Action anticipation in human infants reveals assumptions about anteroposterior body-structure and action
Animal actions are almost universally constrained by the bilateral body-plan. For example, the direction of travel tends to be constrained by the orientation of the animal’s anteroposterior axis. Hence, an animal’s behaviour can reliably guide the identification of its front and back, and its orientation can reliably guide action prediction. We examine the hypothesis that the evolutionarily ancient relation between anteroposterior body-structure and behaviour guides our cognitive processing of agents and their actions. In a series of studies we demonstrate that, after limited exposure, human infants as young as 6 months of age spontaneously encode a novel agent as having a certain axial direction with respect to its actions, and rely on it when anticipating the agent’s further behaviour. We found that such encoding is restricted to objects exhibiting cues of agency, and does not depend on generalization from features of familiar animals. Our research offers a new tool for investigating the perception of animate agency and supports the proposal that the underlying cognitive mechanisms have been shaped by basic biological adaptations in humans.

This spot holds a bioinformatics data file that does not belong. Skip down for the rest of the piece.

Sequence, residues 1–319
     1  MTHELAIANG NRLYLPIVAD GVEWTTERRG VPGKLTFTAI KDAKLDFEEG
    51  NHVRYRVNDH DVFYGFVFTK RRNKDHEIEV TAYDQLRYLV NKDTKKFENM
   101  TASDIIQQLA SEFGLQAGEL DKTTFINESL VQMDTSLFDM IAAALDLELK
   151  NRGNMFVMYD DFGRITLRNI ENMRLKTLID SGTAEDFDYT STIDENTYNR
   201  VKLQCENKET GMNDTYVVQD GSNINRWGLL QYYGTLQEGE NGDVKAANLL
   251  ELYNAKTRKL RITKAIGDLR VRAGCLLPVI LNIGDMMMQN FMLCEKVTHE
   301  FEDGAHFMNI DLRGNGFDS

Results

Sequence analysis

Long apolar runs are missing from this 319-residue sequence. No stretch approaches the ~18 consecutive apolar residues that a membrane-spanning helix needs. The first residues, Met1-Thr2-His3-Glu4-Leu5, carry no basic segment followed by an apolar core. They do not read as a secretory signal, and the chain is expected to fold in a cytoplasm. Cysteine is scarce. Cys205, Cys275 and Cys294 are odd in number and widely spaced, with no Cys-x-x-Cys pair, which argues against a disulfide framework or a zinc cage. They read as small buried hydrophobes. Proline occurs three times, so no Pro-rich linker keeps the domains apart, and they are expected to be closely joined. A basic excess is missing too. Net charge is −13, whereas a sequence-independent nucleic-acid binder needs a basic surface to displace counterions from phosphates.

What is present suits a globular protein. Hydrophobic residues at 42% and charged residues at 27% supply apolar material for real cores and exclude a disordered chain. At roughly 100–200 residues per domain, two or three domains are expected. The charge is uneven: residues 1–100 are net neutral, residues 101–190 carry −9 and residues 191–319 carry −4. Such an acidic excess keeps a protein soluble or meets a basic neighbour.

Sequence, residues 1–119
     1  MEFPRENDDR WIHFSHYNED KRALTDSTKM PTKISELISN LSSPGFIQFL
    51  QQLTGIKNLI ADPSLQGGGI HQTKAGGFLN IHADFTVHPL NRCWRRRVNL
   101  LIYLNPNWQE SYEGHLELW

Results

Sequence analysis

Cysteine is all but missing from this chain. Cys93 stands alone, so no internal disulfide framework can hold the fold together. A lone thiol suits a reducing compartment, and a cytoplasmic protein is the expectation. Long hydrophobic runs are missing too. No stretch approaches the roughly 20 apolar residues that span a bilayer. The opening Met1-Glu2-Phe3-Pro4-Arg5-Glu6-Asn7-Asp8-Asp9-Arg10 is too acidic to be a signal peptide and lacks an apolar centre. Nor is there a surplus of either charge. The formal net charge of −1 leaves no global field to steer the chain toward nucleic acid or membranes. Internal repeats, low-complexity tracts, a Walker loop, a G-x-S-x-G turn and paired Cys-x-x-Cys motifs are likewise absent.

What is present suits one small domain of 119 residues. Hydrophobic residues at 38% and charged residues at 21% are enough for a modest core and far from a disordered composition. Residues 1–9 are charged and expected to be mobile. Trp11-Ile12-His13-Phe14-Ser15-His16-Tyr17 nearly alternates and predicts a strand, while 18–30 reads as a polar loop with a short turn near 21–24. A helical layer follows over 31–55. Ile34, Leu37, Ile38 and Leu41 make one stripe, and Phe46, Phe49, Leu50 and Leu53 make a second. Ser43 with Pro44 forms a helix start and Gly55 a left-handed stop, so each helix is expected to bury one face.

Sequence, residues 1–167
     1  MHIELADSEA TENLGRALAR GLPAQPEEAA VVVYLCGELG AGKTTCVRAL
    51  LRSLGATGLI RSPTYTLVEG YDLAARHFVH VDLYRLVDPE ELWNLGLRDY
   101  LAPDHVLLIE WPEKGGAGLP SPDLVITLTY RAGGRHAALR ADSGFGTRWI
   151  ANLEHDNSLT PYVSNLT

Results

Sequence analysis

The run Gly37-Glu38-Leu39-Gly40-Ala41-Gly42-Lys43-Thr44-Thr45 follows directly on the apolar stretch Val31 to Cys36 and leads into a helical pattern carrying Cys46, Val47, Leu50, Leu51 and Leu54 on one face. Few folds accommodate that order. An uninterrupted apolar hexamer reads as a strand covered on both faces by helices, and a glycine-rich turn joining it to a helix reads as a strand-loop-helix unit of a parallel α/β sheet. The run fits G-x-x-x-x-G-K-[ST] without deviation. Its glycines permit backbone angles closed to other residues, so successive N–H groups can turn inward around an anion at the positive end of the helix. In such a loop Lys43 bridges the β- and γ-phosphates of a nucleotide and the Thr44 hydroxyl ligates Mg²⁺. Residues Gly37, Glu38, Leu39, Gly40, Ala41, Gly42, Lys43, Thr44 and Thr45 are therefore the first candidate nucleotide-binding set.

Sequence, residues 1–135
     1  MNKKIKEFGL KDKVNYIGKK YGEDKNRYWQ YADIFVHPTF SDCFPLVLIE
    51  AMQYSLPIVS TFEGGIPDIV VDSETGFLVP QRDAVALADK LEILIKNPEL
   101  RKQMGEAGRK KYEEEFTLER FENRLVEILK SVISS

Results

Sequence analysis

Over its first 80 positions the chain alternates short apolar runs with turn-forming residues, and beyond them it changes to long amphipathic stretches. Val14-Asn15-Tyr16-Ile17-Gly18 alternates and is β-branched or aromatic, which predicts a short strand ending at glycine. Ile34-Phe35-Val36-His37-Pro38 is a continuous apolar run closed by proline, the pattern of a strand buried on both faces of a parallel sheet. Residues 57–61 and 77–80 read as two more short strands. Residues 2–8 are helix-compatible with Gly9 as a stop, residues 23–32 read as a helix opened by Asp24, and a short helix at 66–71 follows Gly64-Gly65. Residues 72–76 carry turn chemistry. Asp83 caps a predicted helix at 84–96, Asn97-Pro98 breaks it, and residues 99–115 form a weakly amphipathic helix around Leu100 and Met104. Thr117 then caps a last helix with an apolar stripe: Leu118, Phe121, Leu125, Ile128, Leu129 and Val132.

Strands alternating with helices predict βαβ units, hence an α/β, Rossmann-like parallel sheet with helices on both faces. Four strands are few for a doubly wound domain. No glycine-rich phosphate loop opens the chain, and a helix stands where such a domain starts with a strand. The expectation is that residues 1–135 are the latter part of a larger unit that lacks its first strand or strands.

Nine-months-old infants do not need to know what the agent prefers in order to reason about its goals: on the role of preference and persistence in infants’ goal-attribution
Human infants readily interpret others’ actions as goal-directed and their understanding of previous goals shapes their expectations about an agent’s future goal-directed behavior in a changed situation. According to a recent proposal (Luo & Baillargeon, 2005), infants’ goal-attributions are not sufficient to support such expectations if the situational change involves broadening the set of choice-options available to the agent, and the agent’s preferences among this broadened set are not known. The present study falsifies this claim by showing that 9-month-olds expect the agent to continue acting towards the previous goal even if additional choice-options become available for which there is no preference-related evidence. We conclude that infants do not need to know about the agent’s preferences in order to form expectations about its goal-directed actions. Implications for the role of action persistency and action selectivity are discussed.